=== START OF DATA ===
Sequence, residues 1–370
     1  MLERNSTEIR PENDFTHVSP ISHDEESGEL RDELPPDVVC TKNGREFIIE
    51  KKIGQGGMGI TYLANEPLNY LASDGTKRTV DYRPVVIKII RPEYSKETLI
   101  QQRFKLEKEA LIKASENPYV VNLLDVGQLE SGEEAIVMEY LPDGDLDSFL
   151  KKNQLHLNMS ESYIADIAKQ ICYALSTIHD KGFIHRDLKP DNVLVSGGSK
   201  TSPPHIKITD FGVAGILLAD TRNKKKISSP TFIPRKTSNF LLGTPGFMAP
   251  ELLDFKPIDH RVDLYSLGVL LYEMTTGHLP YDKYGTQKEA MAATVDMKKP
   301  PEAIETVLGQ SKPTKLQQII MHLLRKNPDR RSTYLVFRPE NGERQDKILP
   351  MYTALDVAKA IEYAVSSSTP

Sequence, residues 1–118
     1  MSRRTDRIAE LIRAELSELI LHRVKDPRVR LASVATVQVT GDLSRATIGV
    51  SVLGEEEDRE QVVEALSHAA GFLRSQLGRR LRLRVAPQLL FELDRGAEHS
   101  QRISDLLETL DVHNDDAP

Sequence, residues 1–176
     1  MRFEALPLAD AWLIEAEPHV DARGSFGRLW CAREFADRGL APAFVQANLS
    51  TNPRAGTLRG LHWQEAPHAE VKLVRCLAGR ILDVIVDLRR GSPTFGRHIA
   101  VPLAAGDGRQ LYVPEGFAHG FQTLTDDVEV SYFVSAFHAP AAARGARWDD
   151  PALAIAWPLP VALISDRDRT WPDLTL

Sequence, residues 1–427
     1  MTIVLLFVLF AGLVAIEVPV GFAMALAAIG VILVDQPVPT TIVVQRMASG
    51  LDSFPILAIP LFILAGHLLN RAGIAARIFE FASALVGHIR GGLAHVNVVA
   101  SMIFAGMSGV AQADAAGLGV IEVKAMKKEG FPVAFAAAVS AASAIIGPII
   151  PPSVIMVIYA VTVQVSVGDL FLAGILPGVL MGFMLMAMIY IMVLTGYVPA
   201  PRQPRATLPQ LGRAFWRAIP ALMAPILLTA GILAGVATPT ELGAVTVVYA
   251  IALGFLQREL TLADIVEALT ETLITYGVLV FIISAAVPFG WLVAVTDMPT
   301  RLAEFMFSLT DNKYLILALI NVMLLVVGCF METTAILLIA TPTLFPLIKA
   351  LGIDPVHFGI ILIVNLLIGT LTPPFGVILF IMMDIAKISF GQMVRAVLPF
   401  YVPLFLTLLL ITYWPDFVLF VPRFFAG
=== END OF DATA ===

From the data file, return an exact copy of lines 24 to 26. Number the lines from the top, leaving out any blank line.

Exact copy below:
   201  PRQPRATLPQ LGRAFWRAIP ALMAPILLTA GILAGVATPT ELGAVTVVYA
   251  IALGFLQREL TLADIVEALT ETLITYGVLV FIISAAVPFG WLVAVTDMPT
   301  RLAEFMFSLT DNKYLILALI NVMLLVVGCF METTAILLIA TPTLFPLIKA